In regenerative medicine pluripotent stem cells are considered to be a valuable self-renewing source for therapeutic cell transplantations, given that a functional organ-specific phenotype can be acquired by in vitro differentiation protocols. Furthermore, derivatives of pluripotent stem cells that mimic fetal progenitor stages could serve as an important tool to analyze organ development with in vitro approaches. Because of ethical issues regarding the generation of human embryonic stem (ES) cells, other sources for pluripotent stem cells are intensively studied. Like in less developed vertebrates, pluripotent stem cells can be generated from the female germline even in mammals, via parthenogenetic activation of oocytes. Recently, testis-derived pluripotent stem cells were derived from the male germline. Therefore, we compared two different hepatic differentiation approaches and analyzed the generation of definitive endoderm progenitor cells and their further maturation into a hepatic phenotype using murine parthenogenetic ES cells, germline-derived pluripotent stem cells, and ES cells. Applying quantitative RT-PCR, both germline-derived pluripotent cell lines show similar differentiation capabilities as normal murine ES cells and can be considered an alternative source for pluripotent stem cells in regenerative medicine.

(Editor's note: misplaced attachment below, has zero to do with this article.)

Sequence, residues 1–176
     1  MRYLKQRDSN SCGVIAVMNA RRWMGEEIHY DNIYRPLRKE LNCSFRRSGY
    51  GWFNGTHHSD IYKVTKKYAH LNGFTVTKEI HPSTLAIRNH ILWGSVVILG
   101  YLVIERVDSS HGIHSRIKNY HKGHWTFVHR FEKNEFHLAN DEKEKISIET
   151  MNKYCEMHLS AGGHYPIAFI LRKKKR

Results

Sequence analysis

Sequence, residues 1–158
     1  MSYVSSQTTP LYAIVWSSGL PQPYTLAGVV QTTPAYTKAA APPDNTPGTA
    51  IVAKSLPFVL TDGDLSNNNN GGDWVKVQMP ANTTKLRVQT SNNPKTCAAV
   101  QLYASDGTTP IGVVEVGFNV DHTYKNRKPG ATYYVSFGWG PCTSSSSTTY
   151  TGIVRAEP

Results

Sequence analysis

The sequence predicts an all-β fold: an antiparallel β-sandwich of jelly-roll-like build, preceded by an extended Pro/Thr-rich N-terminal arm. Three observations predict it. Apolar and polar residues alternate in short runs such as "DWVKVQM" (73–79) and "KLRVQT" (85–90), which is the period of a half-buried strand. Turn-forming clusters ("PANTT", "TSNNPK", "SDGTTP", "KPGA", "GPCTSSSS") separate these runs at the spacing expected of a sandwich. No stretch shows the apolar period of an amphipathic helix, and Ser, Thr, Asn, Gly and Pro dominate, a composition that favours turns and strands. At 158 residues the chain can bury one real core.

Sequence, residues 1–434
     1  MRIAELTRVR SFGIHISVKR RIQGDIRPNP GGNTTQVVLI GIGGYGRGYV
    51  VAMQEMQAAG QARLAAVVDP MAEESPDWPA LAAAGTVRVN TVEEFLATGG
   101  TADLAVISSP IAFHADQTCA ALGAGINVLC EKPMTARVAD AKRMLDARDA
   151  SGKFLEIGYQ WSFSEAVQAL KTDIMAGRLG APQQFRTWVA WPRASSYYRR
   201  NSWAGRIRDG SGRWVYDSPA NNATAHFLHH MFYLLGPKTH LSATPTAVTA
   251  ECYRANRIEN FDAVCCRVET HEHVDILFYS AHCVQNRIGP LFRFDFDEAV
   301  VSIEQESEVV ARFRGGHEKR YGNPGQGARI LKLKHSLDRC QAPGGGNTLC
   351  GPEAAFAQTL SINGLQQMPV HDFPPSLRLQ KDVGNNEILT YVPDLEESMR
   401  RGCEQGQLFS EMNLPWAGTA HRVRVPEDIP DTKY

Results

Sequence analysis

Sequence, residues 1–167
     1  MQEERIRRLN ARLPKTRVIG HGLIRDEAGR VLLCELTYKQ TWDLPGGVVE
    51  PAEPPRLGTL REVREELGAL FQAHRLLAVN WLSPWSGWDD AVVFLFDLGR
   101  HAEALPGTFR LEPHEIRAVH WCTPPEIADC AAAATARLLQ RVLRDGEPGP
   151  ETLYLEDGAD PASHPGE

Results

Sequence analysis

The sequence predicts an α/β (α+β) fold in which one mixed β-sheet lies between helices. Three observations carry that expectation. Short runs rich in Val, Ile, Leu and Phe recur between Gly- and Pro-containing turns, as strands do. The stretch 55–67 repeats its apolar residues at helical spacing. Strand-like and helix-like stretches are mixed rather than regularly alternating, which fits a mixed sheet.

©2009 by Walter de Gruyter Berlin New York